The little girl liked the library, but more than that, she liked to talk. She liked words. Once she could, she talked to us, to her toys and to the squirrels in the trees. Initially, any big person was a ‘giant’ and any pretty house was a ‘palace’, but soon the nuances started to appear in her vocabulary. Sentences like “I am crying…not screaming!”, and “it not night, it’s just dark” commonly emerged from her. She used words like ‘attitudic’ and ‘withstandable’, appropriating the English language for her own purposes.
When we were kids, my father spent a lot of time getting us to say words. Big or small, we had to repeat any new word he introduced to us. We repeated after him ‘Pneumonoultramicroscopicsilicovolcanoconiosis’, broken into six parts, till we mastered it. He also asked us to give him ‘five names’ of things; they could be birds, countries, flowers, rivers, book characters…whatever picked his fancy. Then, there were synonyms and homonyms, in English and in Marathi. Whenever he had time, we were barraged with these lists. It must have helped somewhere, since I ended up loving the written word. I tried some of this with my daughter.
She is now old enough to have her own favourite books, her own favourite genres. Not all my best-loved stories are her best-loved stories. We have had fun though, reading old stories like Little House on the Prairie (Laura Ingalls Wilder), and the new ones like The Best Bad Luck I Ever Had (Kristin Levine) and ‘Penderwicks’ (Jeanne Birdsall). As she developed her own likes and dislikes, she demanded an explanation for my lukewarm response to the Percy Jackson series (Rick Riordan), and was tickled when I enjoyed Artemis Fowl (Eoin Colfer). I too have suppressed my disappointment at her impatience when attempting to read Jane Austen, and have felt relieved when she recognised the brilliance of Steinbeck.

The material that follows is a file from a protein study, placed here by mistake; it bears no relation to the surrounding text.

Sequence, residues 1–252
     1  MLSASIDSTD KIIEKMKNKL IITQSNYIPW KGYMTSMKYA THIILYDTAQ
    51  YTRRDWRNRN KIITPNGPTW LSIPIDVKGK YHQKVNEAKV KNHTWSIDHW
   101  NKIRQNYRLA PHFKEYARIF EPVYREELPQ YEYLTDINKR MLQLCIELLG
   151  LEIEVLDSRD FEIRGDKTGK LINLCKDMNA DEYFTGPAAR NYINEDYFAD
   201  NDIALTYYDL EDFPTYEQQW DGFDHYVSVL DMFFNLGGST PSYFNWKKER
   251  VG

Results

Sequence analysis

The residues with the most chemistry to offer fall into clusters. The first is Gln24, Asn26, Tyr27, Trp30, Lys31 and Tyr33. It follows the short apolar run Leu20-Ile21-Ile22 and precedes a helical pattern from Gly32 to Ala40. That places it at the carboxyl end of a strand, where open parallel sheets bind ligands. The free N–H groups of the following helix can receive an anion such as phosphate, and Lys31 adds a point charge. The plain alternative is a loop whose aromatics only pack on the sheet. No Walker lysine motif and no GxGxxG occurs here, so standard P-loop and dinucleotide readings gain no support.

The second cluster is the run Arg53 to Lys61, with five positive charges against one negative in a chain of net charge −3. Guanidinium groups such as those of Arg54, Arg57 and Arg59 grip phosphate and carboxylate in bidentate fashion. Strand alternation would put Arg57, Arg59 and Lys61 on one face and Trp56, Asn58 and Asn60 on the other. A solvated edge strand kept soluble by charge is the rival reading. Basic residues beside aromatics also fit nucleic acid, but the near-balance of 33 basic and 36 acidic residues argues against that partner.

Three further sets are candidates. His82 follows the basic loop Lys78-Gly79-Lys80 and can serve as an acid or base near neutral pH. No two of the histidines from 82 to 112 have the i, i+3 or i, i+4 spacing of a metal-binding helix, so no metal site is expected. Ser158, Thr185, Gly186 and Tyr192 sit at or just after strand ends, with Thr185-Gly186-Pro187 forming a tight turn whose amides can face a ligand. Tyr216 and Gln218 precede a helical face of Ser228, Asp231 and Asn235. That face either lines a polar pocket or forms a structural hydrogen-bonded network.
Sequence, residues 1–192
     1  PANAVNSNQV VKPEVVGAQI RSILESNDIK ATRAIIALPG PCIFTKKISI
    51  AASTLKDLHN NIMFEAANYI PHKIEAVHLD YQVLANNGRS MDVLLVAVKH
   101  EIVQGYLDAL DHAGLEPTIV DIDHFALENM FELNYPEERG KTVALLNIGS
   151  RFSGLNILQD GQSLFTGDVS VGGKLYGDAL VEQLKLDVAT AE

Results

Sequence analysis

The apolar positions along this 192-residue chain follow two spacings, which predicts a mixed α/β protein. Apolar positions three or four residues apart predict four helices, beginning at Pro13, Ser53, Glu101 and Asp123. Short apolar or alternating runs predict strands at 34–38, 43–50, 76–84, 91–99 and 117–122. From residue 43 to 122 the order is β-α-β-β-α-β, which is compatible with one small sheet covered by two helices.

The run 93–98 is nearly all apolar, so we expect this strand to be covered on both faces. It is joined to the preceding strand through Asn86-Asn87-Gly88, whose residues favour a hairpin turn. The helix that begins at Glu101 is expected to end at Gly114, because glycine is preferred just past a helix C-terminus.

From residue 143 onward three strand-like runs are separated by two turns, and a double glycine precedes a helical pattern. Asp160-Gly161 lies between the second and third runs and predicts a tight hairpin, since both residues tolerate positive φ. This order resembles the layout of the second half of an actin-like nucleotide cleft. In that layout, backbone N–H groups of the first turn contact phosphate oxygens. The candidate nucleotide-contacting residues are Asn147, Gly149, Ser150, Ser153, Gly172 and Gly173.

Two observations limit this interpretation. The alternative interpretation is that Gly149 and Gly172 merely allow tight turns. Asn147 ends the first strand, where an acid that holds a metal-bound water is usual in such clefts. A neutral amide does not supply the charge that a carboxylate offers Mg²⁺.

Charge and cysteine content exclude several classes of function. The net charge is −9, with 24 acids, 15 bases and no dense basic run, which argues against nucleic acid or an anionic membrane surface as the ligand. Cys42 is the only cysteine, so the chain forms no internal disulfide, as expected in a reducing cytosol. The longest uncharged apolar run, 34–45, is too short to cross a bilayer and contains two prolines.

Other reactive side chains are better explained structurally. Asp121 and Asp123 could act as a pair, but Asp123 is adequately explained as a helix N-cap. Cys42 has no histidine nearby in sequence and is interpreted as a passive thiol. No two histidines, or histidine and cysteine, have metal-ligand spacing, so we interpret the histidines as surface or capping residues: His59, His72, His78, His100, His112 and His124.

In many schools today, writing is given serious consideration. Some urban schools have libraries, and good ones at that. Students are expected to put in effort in reading as well as writing. I came across an interesting assignment where the class was asked to write a passage in ‘narrative’ and ‘descriptive’ forms, one not interchangeable with the other. The children are taught the craft behind poetry. They learn different ways in which words can be arranged to fit (or not fit) a formula. They are encouraged to use better, more complex words, to reach for higher quality of writing. It is fun to watch them count syllables and shuffle words around to make the lines of their verse more exciting.
We too, in our times, learnt different classical arrangements of words to form a ‘Vritta’ in Marathi, but never was it expected of us to try writing one ourselves. I find myself envying the new generation of school kids for what they have access to.
But of course, just having access isn’t enough. There has to be someone relentlessly talking to them… preferably right from those early days in the womb.
Narmada Khare is a student and a teacher, a reader and a writer. And she likes all things biology.
Featured image credit: Pariplab Chakraborty